Human Rights Watch slams France on Roma


France continues to target and evict Roma EU citizens, despite assurances from the European Commission last August that the country had successfully complied with European law, according to the non-governmental organisation Human Rights Watch.

Judith Sunderland, senior Western Europe researcher at Human Rights Watch said: "One year and a new immigration law later, Roma in France are still vulnerable to serial evictions, unfair expulsions, and discrimination."

Last August, the European Commission claimed that it had "helped resolve 90% of open free movement cases," raised following France's controversial displacement of Roma camps, some of which included Romanian nationals protected by EU free movement laws.

The Commission had cleared France, saying that the French government adopted the legislative amendments required by the Commission to ensure compliance with the Free Movement Directive on 16 June, including the safeguards that protect EU citizens against arbitrary expulsions or discriminatory treatment.

Human Rights Watch details its allegations in a briefing paper submitted to the European Commission in July 2011. It claims: "Over the past six months, French authorities have continued to pursue a policy that targets Roma from Eastern Europe for camp or squat evictions associated with removal orders."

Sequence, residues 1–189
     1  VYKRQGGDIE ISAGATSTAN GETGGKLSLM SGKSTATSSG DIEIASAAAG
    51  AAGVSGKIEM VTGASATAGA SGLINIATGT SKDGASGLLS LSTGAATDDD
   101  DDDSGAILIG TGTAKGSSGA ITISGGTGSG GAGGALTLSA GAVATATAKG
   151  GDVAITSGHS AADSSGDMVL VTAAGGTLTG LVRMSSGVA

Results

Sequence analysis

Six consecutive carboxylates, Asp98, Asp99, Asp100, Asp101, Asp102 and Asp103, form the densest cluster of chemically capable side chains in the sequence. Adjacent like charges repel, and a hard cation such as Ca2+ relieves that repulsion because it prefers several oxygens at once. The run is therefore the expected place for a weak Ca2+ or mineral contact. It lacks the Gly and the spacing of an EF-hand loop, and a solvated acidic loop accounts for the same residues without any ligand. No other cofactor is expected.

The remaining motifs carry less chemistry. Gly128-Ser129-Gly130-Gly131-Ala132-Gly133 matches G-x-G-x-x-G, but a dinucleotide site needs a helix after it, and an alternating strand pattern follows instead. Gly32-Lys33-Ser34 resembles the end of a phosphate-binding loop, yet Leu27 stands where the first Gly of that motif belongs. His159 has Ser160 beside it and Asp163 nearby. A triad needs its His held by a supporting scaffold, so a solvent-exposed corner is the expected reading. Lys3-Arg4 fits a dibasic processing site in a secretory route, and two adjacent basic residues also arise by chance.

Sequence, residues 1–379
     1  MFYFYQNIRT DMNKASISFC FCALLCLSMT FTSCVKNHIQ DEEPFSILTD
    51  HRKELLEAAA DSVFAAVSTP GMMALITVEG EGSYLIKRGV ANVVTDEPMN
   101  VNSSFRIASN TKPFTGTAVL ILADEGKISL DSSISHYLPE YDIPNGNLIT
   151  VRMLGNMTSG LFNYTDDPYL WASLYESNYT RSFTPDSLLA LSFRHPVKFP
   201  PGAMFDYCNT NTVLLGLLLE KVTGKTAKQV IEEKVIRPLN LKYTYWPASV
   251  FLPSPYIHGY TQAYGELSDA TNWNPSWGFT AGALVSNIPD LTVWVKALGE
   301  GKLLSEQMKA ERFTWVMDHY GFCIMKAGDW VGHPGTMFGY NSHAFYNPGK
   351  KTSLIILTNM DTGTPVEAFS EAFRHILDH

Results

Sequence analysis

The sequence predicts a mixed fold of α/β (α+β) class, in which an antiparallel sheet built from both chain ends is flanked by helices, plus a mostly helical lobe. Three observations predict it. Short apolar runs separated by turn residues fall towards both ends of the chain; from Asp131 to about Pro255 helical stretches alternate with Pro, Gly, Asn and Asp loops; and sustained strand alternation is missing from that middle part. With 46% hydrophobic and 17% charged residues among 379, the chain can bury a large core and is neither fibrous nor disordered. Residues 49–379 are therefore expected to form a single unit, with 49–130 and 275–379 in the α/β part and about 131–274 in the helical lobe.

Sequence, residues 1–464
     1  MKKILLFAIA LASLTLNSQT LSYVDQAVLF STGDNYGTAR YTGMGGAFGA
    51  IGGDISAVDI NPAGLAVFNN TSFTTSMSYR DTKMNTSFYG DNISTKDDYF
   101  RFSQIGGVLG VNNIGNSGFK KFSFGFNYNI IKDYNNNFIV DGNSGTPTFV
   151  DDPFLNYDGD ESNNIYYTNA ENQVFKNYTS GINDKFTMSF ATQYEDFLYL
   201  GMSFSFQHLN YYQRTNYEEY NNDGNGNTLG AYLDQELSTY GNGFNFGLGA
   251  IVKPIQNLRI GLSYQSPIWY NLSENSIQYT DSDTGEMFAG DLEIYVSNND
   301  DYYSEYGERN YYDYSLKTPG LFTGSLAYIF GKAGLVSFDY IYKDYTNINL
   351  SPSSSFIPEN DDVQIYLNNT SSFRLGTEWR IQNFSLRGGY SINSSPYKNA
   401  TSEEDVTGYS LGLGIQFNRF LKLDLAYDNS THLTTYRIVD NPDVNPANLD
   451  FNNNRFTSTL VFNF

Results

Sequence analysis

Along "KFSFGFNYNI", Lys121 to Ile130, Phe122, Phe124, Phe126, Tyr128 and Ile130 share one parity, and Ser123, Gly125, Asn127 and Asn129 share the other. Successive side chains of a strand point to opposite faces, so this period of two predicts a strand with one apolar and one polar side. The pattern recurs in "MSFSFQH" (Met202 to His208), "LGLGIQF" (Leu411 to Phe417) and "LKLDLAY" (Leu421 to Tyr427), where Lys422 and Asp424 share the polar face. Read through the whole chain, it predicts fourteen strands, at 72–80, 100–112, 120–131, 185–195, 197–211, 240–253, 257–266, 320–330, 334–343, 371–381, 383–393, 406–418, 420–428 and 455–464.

The group claims "thousands of Romanian and Bulgarian Roma have been ordered to leave France under procedures that violate their rights".

Human Rights Watch goes on to accuse French courts of taking "an inconsistent approach to appeals against the orders" and the police of requiring "camp residents, many of whom do not read French, to sign pieces of paper without telling them what they said, and without leaving them a copy."

In September of last year, Commissioner for Justice and Fundamental Rights Viviane Reding threatened to take legal action against France for its treatment of the Roma, leading to extremely tense relations with Paris.

Reding responded in particular to an August 2010 administrative circular from the French Interior Ministry which ordered prefects to take "systematic action to dismantle illegal camps, priority given to those of Roma".

In April 2011, the French Council of State ruled that the August 2010 circular had unlawfully discriminated against Roma.


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